Gripped by fear and uncertainty, my family saw their lives as prosperous farmers and business owners crumble before their eyes. In a matter of weeks, my mother and her three sisters fled for Canada. My grandmother and uncle were relocated to a refugee camp in Italy before settling in Canada years later.

I cannot imagine how vulnerable my mother must have felt as she navigated an unfamiliar country on an entirely different continent. And yet, when my mom looks back at that time, she tells a more uplifting story — a story of gratitude; gratitude for the many Canadians, including neighbors, community members and people at the local mosque, who provided the lifesaving support that she needed to start over.

Lily, June,Yasmin.jpg
My aunts with their caseworker in the winter
of 1972 when they arrived in Canada.
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Why We Launched

December 14, 2018

By Greg Sharenow

Over eighty years ago, my German-Jewish grandparents fled the tragedy of the Holocaust in Germany. Through luck and connections, they were able to secure a visa to Panama where they built their lives anew. Their resilience, perseverance and the support they were provided by organizations that helped them get on their feet is the reason I am here today.

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Finance World Rallies for Refugees in New York

November 7, 2018

By Russell Dyk and Sahr MuhammedAlly

With so much spiteful rhetoric around immigration during this election season, it was both uplifting and inspiring to attend Refugee Action Fund’s Launch Party on October 23rd at New York City’s Tenement Museum. 

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Reflection on Yesterday’s Shooting at the Tree of Life Synagogue

October 28, 2018

Yesterday, a gunman walked into a synagogue in Pittsburg, murdering 11 people and injuring 6 more. Our hearts mourn for the victims and their loved ones.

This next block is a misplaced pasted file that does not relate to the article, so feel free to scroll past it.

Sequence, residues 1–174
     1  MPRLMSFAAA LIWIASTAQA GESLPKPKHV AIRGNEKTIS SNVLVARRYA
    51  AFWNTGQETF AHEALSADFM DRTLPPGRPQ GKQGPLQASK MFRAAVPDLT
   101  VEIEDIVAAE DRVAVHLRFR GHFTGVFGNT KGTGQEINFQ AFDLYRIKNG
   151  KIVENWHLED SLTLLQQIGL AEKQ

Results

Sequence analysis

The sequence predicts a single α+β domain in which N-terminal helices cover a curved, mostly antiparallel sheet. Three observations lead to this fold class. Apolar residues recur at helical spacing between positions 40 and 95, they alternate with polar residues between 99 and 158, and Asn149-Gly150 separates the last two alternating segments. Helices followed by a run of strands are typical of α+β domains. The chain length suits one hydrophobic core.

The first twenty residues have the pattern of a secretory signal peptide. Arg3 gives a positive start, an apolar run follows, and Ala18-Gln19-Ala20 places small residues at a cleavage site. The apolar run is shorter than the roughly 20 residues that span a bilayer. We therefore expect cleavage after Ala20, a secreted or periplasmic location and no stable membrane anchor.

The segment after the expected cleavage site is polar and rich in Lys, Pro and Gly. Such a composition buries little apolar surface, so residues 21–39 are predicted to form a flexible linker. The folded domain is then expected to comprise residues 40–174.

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Interfaith Refugee Project Re-Launches as Refugee Action Fund

October 8, 2017

Today, Interfaith Refugee Project became Refugee Action Fund!

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Reflections from the U.S.-Mexico Border

October 02, 2018

By Julie Gersten

 

In August, I joined a delegation of Jewish leaders organized by HIAS who visited detention and migrant facilities on the U.S.-Mexico border. The experience afforded me access to the inner-workings of the U.S. immigration system: inside a detention facility where thousands of immigrants are kept in prison conditions; in court proceedings where complex and convoluted procedures shape the trajectory of those seeking refuge and asylum; behind the electronic fences where our government houses unaccompanied minors and separated children in legal limbo; and shelters in Tijuana where men, women and children fleeing for their lives await the opportunity to go North, or individuals freshly deported from the U.S. (some brusquely removed from their families and lives in the United States where they have spent decades) try to reunite with their children or just figure out what’s next for them.

Bearing witness is painful. It is impossible not to feel deeply impacted by the pain and trauma of the individuals inside the U.S. immigration system. Even more daunting is what bearing witness demands of me: the responsibility to share what I’ve seen, and the obligation to take action. I offer these observations and reflections from my experience as a first step.

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A Crash Course on Refugee Economics

October 26, 2017

Listen to co-founders Greg Sharenow and Michelle Brouhard on Bloomberg Radio talk about how to integrate refugees into the fabric of U.S. Society.

A Crash Course on Refugee Economics